At a joint press conference with Israeli Prime Minister Benjamin Netanyahu, Kerry made comments summarizing his recent trips since the peace process began five months ago. He reminded everyone that difficult decisions would be made and today he stated, ‘We are close to that time, if not at it,’ he said.
Kerry said he will spend the next few days working intensely with both the Israelis and Palestinians to narrow differences on a framework for future negotiations on such core issues as ‘borders, security, refugees, Jerusalem, mutual recognition and the end of conflict and all claims.’
Speaking at the press conference Netanyahu said, ‘The only peace that can endure is one that Israel can defend. Vowing he would ‘never compromise on the security of Israel’ and its vital interests, Netanyahu expressed hope for building a ‘rock-solid foundation for security and a secure peace.’
Kerry emphasized that the ideas being discussed emerged from both sides, stressing his role was 'not to impose American ideas' but rather to facilitate the 'parties’ own efforts.
Adding to his firm opening remarks, Israeli Prime Minister Benjamin Netanyahu continued however with a gloomy assessment of peace prospects with the Palestinians.
‘There is growing doubt in Israel that the Palestinians are committed to peace,’ said Netanyahu, speaking with Kerry at his side and accusing Palestinian officials of orchestrating a campaign of ‘rampant’ incitement against Israel, according to Reuters this afternoon.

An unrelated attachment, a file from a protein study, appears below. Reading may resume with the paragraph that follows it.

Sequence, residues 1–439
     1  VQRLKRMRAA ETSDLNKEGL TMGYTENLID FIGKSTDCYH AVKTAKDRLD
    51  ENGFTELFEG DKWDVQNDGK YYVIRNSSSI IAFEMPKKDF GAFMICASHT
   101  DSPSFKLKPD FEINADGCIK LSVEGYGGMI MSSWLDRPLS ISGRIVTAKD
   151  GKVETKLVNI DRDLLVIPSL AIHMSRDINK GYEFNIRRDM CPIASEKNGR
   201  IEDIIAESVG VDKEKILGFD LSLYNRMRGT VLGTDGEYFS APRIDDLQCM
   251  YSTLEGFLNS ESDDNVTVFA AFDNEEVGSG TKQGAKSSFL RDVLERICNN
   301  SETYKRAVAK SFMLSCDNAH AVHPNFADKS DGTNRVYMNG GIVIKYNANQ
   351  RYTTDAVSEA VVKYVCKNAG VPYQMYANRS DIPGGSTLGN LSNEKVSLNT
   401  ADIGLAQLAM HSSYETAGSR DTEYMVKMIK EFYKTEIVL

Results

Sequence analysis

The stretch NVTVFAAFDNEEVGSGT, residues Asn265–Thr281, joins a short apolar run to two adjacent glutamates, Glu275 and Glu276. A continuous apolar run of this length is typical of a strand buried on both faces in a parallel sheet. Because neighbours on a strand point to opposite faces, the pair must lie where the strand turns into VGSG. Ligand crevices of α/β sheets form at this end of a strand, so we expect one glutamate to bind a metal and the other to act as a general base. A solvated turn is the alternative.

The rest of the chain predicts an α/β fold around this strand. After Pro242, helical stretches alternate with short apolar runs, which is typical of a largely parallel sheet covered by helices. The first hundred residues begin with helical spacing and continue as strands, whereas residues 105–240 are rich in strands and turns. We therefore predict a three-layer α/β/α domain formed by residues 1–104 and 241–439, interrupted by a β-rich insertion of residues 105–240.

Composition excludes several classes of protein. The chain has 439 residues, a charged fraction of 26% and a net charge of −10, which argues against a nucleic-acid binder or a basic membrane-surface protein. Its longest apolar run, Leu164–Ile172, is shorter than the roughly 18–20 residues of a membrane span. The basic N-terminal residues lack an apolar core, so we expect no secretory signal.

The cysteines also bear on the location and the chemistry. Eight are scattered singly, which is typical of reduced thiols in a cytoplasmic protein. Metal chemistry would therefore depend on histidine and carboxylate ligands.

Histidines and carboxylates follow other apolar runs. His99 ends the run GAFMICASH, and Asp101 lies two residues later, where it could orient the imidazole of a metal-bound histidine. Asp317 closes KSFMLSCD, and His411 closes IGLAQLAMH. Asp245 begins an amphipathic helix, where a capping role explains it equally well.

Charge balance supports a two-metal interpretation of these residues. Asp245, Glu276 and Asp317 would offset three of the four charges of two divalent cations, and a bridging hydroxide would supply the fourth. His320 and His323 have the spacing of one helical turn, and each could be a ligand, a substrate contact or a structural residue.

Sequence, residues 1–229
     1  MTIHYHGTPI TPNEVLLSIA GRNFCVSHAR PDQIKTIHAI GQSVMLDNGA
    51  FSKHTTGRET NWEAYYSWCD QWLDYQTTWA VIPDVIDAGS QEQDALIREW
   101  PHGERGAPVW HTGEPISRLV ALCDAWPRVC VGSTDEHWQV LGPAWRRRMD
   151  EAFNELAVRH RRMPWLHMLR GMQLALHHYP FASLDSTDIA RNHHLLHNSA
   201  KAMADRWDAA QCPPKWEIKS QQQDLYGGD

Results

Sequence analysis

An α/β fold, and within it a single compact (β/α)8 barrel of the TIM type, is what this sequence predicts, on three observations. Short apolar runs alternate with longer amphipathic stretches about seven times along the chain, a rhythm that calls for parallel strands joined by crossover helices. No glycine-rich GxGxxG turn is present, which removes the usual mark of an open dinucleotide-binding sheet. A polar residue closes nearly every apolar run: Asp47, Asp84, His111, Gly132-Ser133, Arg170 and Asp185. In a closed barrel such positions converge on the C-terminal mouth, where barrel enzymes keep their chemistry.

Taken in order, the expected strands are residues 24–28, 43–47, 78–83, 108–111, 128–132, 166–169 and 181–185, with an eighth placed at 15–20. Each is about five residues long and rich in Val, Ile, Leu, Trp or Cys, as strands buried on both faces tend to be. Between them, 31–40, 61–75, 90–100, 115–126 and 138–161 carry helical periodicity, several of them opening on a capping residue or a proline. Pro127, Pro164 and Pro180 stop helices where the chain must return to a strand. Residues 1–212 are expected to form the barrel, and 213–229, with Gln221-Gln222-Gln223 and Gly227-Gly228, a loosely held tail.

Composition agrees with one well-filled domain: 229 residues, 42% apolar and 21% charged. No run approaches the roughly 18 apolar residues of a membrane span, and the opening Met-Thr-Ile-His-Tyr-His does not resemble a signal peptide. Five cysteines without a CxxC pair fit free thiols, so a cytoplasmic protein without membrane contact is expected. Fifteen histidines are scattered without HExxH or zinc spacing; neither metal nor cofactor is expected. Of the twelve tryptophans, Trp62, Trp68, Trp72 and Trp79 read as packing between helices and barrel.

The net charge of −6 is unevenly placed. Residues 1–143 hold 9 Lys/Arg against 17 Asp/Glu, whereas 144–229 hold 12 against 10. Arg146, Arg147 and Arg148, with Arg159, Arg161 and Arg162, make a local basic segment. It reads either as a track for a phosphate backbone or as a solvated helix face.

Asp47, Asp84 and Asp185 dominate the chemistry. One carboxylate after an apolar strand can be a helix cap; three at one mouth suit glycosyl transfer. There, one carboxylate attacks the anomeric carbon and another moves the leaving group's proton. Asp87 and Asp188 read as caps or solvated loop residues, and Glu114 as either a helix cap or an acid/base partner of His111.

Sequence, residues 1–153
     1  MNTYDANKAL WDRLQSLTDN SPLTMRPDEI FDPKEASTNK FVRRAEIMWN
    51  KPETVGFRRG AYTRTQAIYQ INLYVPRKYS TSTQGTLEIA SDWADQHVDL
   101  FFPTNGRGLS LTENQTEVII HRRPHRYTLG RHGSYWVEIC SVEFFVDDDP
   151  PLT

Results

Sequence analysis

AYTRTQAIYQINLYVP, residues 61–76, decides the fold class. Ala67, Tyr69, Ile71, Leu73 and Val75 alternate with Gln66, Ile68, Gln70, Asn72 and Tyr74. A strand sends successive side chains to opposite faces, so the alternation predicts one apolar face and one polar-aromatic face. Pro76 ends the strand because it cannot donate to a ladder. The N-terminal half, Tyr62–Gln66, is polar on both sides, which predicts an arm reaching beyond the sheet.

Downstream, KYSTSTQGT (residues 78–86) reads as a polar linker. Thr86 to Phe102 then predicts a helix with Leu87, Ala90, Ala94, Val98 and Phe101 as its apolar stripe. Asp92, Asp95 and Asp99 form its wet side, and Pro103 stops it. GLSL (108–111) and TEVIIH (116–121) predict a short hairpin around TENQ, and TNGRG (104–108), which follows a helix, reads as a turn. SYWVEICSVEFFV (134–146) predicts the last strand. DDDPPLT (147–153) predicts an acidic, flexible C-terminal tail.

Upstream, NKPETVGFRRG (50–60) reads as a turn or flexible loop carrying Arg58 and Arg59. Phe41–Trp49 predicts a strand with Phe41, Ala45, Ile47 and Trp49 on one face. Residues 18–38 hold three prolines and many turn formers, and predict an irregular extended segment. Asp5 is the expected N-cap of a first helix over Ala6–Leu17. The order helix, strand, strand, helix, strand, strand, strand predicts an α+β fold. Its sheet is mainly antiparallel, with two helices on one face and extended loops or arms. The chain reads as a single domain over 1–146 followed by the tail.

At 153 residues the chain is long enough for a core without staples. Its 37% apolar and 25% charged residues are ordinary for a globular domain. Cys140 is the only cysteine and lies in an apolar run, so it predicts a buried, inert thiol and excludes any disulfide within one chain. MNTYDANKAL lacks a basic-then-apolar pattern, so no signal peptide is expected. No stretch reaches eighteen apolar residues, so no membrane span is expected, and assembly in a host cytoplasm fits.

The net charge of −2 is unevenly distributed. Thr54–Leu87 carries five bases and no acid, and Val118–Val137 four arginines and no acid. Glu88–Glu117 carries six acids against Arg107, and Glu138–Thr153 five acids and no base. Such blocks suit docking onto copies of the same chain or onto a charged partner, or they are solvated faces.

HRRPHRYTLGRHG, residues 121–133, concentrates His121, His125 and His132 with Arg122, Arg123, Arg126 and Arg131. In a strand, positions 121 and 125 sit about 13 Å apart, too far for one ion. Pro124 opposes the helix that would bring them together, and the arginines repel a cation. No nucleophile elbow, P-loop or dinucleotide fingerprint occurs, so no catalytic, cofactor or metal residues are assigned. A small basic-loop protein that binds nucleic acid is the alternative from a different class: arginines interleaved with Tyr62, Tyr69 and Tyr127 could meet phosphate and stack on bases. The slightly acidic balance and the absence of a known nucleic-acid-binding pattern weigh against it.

An area of discord and tension was when Netanyahu specifically criticized Palestinian President Mahmoud Abbas for the heroes' welcome he gave a group of Palestinian prisoners, most convicted of murdering Israelis, who were released from Israeli jails on Tuesday.
Despite the tension in the air, Kerry focused his remarks on a continued U.S. push toward a final peace agreement, which Washington hopes to achieve by the end of April, and his shorter-term pursuit of a framework deal that would pave the way for a permanent accord.
Guidelines in such an accord would address the core issues and ‘It would create the fixed, defined parameters by which the parties would then know where they are going and what the end result can be,’ Kerry said. ‘This will take time and it will take compromise from both sides, but an agreed framework would be a significant breakthrough.’
Kerry is expected to hold separate meetings over the next few days with Netanyahu and Abbas.
Speaking to reporters on Tuesday, a senior U.S. State Department official said Kerry was not expecting a breakthrough during this trip but an agreement on 'framework.'
To read more about previous Middle East efforts by Secretary of State John Kerry and other U.S. officials, please, see Author's list of suggested articles.